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Predicting Nursing Home Utilization Among the High-Risk Elderly


  • Alan M. Garber
  • Thomas E. MaCurdy


This paper explores the influence of various characteristics on nursing home utilization. It examines a targeted population of elderly individuals whose poor health and lack of social supports were expected to lead to heavy use of long-term care. We develop an empirical framework based on a transition probability model to describe the frequency and duration of nursing home admissions. Using longitudinal data on the high-risk elderly enrollees of the National Long-Term Care Demonstration ("Channeling" demonstration), we. find that a small set of characteristics distinguish individuals who are likely to be heavy utilizers of nursing homes from low utilizers. The factors associated with a high likelihood of institutionalization are not identical to the health characteristics associated with high mortality; for example, the likelihood of death increases with age, but nursing home utilization does not, when functional status and other characteristics are held constant. A somewhat healthier population might have used nursing homes more heavily than the Channeling participants, whose nursing home utilization was limited by high mortality.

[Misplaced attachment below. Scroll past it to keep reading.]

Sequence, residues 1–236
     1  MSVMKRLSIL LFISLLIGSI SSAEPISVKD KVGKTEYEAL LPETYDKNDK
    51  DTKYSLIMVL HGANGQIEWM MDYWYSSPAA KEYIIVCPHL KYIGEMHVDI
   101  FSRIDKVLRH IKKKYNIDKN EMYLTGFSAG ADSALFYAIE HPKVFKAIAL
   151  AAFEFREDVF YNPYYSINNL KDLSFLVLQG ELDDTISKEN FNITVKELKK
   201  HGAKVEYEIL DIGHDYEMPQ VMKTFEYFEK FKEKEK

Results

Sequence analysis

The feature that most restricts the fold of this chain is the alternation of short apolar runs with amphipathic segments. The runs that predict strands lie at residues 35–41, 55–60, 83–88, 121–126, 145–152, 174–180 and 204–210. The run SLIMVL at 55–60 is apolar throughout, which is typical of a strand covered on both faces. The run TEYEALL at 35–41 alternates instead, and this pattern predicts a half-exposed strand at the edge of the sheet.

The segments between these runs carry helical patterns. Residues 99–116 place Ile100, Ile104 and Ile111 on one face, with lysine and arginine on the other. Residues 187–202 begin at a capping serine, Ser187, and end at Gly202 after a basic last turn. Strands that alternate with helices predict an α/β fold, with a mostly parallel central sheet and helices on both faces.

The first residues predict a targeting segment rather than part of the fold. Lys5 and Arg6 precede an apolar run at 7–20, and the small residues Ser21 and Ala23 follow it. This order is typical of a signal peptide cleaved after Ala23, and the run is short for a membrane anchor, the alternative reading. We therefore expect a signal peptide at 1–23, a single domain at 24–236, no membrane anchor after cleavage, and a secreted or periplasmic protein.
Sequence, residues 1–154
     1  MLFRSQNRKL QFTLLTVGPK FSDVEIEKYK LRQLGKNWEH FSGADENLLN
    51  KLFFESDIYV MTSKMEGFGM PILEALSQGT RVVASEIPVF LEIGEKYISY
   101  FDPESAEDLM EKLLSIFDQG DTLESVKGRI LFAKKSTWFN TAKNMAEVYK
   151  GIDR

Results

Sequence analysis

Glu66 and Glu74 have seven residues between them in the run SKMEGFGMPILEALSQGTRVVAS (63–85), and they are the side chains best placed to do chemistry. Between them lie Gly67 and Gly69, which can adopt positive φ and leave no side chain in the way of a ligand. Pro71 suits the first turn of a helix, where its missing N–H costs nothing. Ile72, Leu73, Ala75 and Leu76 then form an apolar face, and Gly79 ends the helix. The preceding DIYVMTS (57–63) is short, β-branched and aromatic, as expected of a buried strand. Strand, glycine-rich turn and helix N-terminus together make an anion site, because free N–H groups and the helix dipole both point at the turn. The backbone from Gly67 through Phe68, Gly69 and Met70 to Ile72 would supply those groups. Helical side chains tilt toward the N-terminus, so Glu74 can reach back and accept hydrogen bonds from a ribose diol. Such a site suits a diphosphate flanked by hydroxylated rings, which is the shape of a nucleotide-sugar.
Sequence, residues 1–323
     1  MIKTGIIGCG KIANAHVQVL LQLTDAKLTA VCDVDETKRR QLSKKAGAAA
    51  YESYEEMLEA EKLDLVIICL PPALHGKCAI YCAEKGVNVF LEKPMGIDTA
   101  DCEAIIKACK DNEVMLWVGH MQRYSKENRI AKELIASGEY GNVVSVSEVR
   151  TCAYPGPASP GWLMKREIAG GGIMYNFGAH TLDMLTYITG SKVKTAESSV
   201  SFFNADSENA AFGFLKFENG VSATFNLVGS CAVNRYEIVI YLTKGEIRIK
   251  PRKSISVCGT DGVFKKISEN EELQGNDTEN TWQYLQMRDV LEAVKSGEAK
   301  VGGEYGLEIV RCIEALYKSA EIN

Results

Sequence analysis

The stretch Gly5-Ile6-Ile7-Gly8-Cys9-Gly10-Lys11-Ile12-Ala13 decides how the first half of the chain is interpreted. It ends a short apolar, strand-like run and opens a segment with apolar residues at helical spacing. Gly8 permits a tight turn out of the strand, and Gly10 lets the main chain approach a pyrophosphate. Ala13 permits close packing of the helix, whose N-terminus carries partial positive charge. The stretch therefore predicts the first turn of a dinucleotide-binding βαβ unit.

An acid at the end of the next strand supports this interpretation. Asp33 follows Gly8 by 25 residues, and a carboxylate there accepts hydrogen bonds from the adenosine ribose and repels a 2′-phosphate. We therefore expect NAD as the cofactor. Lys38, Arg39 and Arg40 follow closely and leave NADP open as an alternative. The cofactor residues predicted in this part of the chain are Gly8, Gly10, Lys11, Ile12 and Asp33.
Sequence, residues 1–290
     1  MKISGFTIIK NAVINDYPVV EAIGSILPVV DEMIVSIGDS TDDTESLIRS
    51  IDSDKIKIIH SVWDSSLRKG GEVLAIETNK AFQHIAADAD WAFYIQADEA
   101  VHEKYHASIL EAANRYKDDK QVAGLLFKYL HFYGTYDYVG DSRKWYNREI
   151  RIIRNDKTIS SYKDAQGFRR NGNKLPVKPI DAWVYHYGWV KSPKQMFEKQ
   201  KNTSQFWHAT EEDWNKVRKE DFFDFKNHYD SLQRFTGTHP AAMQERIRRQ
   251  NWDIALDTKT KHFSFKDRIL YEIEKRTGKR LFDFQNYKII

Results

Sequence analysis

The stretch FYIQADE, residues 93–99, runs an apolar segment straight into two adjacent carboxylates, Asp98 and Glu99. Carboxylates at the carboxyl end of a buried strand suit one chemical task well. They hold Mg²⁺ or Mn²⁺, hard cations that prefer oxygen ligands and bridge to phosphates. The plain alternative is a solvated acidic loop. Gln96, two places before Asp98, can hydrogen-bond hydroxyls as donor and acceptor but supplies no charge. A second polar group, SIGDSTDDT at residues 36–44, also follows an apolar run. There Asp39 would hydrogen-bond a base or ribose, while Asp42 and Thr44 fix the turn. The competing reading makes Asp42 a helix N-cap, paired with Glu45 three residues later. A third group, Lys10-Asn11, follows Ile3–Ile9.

Suggested Citation

  • Alan M. Garber & Thomas E. MaCurdy, 1989. "Predicting Nursing Home Utilization Among the High-Risk Elderly," NBER Working Papers 2843, National Bureau of Economic Research, Inc.
  • Handle: RePEc:nbr:nberwo:2843
    Note: AG HE

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    Cited by:

    1. VanderHart, Peter G., 1998. "The Housing Decisions of Older Households: A Dynamic Analysis," Journal of Housing Economics, Elsevier, vol. 7(1), pages 21-48, March.
    2. David M. Cutler & Louise Sheiner, 1994. "Policy Options for Long-Term Care," NBER Chapters, in: Studies in the Economics of Aging, pages 395-442, National Bureau of Economic Research, Inc.
    3. Jonathan Feinstein, 1996. "Elderly Health, Housing, and Mobility," NBER Chapters, in: Advances in the Economics of Aging, pages 275-320, National Bureau of Economic Research, Inc.
    4. Peter G. VanderHart, 1994. "An Empirical Analysis of the Housing Decisions of Older Homeowners," Real Estate Economics, American Real Estate and Urban Economics Association, vol. 22(2), pages 205-233, June.
    5. Alan M. Garber, 1994. "Financing Health Care for Elderly Americans in the 1990s," NBER Chapters, in: Aging in the United States and Japan: Economic Trends, pages 175-194, National Bureau of Economic Research, Inc.
    6. Axel Borsch-Supan, 1989. "A Dynamic Analysis of Household Dissolution and Living Arrangement Transitions by Elderly Americans," NBER Working Papers 2808, National Bureau of Economic Research, Inc.

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